"There is something geeky, too, about Byrne’s dense blocks of text, appearing in practically every panel; it is rare for a page to have as little…

    20th November 2016 The Dissent of Man (OST)

    Hi folks,

    hope you're surviving these strange days. Trump has just had another hissy fit on Twitter calling for the cast of Hamilton to apologize[sic] for being “rude” by ending their show last night with, essentially, a well-written plea for the continued protection of family and ethnic diversity, to his buddy-in-vice Pence who was made to squirm. Kudos to Brandon Victor Dixon and the other cast…

    11th November 2016 Trumpism and Darwin

    It's the morning after and Ms America is trying to remember the night before, and in to what trouble she may have fallen, when…

    ____________.©David Rowe


    The horror stricken face is just perfect, in evoking the terror felt by everyone in the world, who is not a Trump supporter. It's a fear that grew from dismissive ragging, into burgeoning concern and, following the Republican Party nomination…

    10th October 2016 Why We (Do and Don't) Believe in Gods

    It is most gratifying when someone follows up one of my tweets or these Shed posts with a comment or question. Otherwise, to be honest, it feels like I'm shouting into the wind. Mira had obviously found the talk on Why We Believe in Gods interesting, and then asked this brilliant question, 



    and this is how I answered,


    29th September 2016 Competition Answer: our latest contributor to the book is SIR DAVID ATTENBOROUGH

    Hi everyone,


    thanks to all of you who entered the competition (some quick stats: 17% of supporters visited the page, and of those people, 10% entered the competition). So, because there's none too many entrants, and they were all correct in identifying that the latest contributor to the DISSENT OF MAN is indeed the legendary,



    17th September 2016 Competition Time: Will the Next Contributor Please Sign In…

    Scene - TV studio set with hackneyed panel game set design, and bored, hackneyed panel to match. Crew flit noiselessly in the penumbral shadows, skilfully navigating the nest of semi-coiled cables, snaking the stage floor perimeter. On-screen talent in question, turning shades of ruddy roast, beneath the scorching stage lights, biting their lips to hold in the waves of contumelious indignation…

    13th September 2016 Three Ducks

    Apologies if you were hoping for an insightful examination of Anatidae (ducks, swans, geese, waterfowl per se), but the titular 3 ducks refer to the third week in a row with no pledge on the book. But, hey, what's 21 days out of the 1524 days that have elapsed since launch date? 1.3779528% to save you reaching for the calculator. Now, some crowd-funded authors might be reaching for the gin or…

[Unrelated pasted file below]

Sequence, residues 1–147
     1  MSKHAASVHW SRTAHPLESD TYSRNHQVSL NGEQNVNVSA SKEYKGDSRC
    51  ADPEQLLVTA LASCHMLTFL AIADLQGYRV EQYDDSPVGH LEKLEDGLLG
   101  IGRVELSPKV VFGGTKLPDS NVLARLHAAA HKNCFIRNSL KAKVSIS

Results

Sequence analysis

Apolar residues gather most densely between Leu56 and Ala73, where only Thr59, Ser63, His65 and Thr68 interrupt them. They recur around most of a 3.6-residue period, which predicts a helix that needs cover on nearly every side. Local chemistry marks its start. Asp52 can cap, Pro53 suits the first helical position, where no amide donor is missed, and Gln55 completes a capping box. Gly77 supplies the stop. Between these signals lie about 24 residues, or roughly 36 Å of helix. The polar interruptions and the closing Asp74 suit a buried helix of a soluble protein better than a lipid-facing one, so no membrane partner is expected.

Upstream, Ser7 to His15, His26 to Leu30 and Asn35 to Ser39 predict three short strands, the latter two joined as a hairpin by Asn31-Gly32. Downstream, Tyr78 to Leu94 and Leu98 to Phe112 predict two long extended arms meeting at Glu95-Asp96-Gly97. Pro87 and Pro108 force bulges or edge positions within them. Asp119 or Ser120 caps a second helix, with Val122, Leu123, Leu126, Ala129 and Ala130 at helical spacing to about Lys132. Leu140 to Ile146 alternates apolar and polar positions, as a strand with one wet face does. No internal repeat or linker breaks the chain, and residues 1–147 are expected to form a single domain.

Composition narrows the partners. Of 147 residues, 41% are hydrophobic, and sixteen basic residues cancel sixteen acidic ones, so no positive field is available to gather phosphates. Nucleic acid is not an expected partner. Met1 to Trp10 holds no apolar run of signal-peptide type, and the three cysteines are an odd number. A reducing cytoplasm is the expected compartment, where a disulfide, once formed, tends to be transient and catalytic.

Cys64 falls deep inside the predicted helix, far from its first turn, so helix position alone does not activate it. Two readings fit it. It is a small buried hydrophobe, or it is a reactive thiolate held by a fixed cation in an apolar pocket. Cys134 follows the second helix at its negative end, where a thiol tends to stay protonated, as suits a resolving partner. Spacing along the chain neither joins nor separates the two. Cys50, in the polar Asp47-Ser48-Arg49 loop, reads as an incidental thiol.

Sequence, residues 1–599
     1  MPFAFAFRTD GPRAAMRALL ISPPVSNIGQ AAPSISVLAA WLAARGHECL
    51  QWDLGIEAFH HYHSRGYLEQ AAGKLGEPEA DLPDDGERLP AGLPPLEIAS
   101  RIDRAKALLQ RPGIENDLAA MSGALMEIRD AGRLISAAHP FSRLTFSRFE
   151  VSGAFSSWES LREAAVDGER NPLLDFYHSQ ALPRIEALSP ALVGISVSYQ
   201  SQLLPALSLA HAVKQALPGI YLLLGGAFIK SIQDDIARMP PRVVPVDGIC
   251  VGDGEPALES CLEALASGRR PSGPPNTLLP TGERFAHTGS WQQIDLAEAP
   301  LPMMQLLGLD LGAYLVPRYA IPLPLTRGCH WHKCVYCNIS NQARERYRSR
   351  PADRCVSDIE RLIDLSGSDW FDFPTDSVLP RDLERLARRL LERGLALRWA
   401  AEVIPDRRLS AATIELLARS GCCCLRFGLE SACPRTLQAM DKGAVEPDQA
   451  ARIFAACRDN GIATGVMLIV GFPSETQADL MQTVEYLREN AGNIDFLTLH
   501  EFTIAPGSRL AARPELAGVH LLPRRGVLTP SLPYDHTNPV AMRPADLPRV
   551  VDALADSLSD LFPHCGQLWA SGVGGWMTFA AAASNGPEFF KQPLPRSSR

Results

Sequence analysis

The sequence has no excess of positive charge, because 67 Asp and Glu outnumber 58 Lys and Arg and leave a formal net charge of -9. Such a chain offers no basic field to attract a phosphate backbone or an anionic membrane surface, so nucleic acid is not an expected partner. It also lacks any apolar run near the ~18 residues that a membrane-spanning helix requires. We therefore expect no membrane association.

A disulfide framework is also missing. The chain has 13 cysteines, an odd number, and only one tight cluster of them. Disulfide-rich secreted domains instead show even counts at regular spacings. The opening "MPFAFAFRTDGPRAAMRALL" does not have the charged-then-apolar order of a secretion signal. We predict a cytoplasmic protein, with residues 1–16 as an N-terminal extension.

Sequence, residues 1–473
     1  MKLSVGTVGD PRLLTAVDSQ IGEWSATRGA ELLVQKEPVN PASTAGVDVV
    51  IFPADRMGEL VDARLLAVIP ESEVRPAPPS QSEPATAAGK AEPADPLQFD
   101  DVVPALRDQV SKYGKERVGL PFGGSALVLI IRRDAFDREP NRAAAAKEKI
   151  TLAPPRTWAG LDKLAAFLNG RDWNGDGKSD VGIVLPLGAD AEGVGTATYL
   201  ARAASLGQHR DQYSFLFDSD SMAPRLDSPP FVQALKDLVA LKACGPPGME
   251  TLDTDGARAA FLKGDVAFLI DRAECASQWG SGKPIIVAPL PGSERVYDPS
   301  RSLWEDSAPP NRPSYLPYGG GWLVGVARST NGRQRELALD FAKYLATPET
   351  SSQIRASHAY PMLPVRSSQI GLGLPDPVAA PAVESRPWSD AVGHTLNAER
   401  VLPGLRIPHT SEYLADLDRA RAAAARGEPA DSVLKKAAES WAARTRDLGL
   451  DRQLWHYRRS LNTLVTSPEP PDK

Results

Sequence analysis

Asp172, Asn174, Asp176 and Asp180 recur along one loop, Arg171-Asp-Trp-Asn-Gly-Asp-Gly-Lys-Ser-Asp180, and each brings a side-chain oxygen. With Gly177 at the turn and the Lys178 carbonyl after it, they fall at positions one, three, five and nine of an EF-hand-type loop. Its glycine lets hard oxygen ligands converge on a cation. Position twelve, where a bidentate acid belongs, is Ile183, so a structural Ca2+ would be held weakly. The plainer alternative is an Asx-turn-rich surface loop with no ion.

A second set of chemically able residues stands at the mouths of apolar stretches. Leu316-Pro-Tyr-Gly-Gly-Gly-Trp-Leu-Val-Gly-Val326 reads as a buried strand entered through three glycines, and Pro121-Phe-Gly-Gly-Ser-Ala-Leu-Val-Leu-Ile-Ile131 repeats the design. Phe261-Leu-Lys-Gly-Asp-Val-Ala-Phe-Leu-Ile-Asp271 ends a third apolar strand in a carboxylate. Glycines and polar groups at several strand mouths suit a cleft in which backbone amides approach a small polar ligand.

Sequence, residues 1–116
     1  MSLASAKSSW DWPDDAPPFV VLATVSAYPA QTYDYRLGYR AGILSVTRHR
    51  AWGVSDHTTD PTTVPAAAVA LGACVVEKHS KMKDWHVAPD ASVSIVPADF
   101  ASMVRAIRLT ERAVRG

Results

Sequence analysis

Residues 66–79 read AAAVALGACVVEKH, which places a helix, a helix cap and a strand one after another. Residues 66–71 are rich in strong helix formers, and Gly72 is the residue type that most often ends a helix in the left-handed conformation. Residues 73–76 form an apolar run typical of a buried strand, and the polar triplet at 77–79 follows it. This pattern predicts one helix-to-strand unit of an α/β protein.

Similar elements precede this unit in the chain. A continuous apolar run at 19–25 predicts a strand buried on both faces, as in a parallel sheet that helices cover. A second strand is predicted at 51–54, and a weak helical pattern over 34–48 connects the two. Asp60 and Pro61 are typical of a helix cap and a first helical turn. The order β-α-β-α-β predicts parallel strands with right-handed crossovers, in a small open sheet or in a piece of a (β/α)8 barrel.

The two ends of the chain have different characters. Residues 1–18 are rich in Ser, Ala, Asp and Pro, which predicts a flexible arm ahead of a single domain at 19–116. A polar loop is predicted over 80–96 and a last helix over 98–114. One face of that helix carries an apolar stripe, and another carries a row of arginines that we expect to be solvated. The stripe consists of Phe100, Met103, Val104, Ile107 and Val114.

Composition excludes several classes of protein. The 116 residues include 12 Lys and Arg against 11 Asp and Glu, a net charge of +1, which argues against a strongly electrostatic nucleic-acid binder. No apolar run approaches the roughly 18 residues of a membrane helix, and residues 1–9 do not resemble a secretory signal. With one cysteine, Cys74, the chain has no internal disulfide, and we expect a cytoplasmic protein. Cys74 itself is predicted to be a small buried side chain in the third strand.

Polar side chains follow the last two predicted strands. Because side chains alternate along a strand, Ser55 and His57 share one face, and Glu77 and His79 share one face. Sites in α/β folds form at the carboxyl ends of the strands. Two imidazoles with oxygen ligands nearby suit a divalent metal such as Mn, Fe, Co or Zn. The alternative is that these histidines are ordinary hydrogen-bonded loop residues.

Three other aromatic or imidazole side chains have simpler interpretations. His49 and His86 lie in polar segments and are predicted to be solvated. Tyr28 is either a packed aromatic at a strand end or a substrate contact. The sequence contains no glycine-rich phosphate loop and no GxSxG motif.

17th August 2016 Back to School


    it's that tough time when the children have to haul themselves out of bed this side of lunchtime and drag themselves to skewl. I was dreading it, but I have to admit that my two daughters managed the whole ordeal quite magnificently this morning. I suspect that despite the late nights, the spring in their steps and their parents’ too, has something to do with the fortnight we’ve just returned…

    6th June 2016 Entelechy*

    I would like to share with you a momentous moment. It is only fair that I do because I think of you as my partners in this venture, and it is regarding the DISSENT OF MAN that something BIG has happened this morning.



    For two miserable months now, I have been working flat-out on a refutation about which I told you in a previous post. It's miserable because the number of mistakes I…

    31st May 2016 Edser Gonna Roll


    One of the inherent features of science is that ideas proposed as hypotheses will always be tested to exhaustion in the attempt to disprove them, not in order to dethrone the scientist, but to ensure the progress of science follows as true a path as possible. that’s not to say it is the perfect 100% truth, but the closest we can get to it as tested by a broad spectrum of methods, all approaching…

    5th May 2016 Damn Death

    I’m sick to tears of writing these damn death notices about contributors to this book. It was supposed to take far less time than this to get funded, but what can I say or do to make it any quicker? Instead, this is a fourth person who will not see the project they supported with their time and ideas. So far my homage reads,

    With gratitude and deep admiration for,

    Richard Gregory 


    26th April 2016 Refutation @ Stake

    Hi, hope you’re keeping well. Here’s a fleeting update to keep you in the proverbial loop,

    1. I’ve been working flat out on a refutation of a ludicrously silly accusation that Darwin and Wallace were plagiarists. It’s a repetitive occurrence arising out of some people’s refusal to make the effort to engage in research properly. To study science history, you’ve got to assess your findings in the…

    27th February 2016 PEEFACE : A Quiz